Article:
Two Edinburgh regulars, Mark Cousins and Mania Akbari, have collaborated to produce an insightful film-essay exchange, their differing filmmaking styles bursting with ideas and inspiring new thought in each other in Life May Be (2014). The project was conceived when the distributor, Second Run asked Cousins to write something in response to Akbari’s One. Two. One (2011) for their release last year. Rather than the usual essay, Cousins instead wrote a letter that begins, “Dear Mania Akbari, I’m sitting in a pub in Edinburgh, Scotland. It’s a cold May day…” and goes on to imagine a journey taken by the two filmmakers from Sweden to London, via Rome, Tehran, and Hungary.
Life May Be begins in the Highlands with a shot looking over a loch as the mist rises to partially obscure the overlooking hills, and then falls to reveal them again as though the atmosphere were orchestrating its own teasing display. He holds the shot while he explains the origin of the aforementioned letter, and how it inspired a response from Akbari, resulting in the series of video essays that form the film. By way of reply, Akbari also shares the story of her travels – how she left Tehran and now lives in exile in London, how before making her new home there, she visited friends in Dubai – and Sweden where tours of galleries revealed that “only art can bind us to the vital roots of existence.”
Akbari reveals her vast knowledge and precise narrative technique by making the combination of poetry, personal recollection, documentation and journalistic curiosity seem both effortless and deeply moving. In response, Cousins also muses on the body, declaring his passion for being naked and the “joy, optimism and fun” of abandoning his previous insecurities for the empowering vulnerability of nudity. He talks of Stephen Gough, who was imprisoned for six years for hiking in the nude. Cousins films himself writing the letter, positioned sidelong, reclining on a sofa, and performs something of a striptease at the same time by cutting to reveal when an item of clothing has been removed. This exposes not just Cousins’ thoughts and attitude towards nakedness, but the difference between a society in which nudity is punishable by detainment, and one in which the body is denied outright; or, as Akbari eloquently puts it; “In your country, the body is just the beginning, in my country the body must not be seen, but imagined.”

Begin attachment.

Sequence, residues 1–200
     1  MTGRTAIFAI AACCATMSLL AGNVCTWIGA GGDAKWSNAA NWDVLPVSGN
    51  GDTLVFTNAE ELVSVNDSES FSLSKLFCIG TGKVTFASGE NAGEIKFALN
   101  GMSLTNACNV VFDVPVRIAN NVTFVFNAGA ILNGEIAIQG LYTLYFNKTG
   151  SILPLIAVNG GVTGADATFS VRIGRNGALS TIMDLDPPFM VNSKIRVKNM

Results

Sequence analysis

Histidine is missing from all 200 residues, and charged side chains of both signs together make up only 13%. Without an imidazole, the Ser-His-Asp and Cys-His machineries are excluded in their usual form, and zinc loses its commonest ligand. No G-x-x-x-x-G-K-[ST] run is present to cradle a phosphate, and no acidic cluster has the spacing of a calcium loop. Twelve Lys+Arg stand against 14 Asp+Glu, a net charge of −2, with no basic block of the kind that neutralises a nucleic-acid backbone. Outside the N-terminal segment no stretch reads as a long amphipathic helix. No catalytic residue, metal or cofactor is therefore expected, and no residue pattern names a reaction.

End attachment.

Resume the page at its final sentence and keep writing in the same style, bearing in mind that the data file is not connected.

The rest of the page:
Both filmmakers therefore combine the personal and the political, demonstrating that each perspective is essential to the other in the work of an artist, and it’s the ways in which Akbari is inspired by Cousins’ enthusiasm and ideas that is so exciting in Life May Be. Having read Cousins’ pronouncement that she is to Iran what Virginia Woolf was to England, Akbari’s first pilgrimage to Woolf’s home proves to be the spark that ignites a much deeper personal reflection on her own body and representations generally, of the flesh – can Akbari, who was told her body was a “nuisance” all her life – discover the joy of unveiling that Cousins’ has, and what will this tell us about exposure generally, both physical, and as Life May Be attests, between two creative souls? The answer comes when finally, Akbari’s poetic revelation renders Cousins’ awed and mute, with the resulting use of text, image and music – Brahms’ A German Requiem – allowing this thoughtful, intelligent cinematic conversation to really soar.
The Edinburgh International Film Festival programme, ticketing details and more can be viewed at edfilmfest.org.uk.
Harriet Warman | @HarrietWarman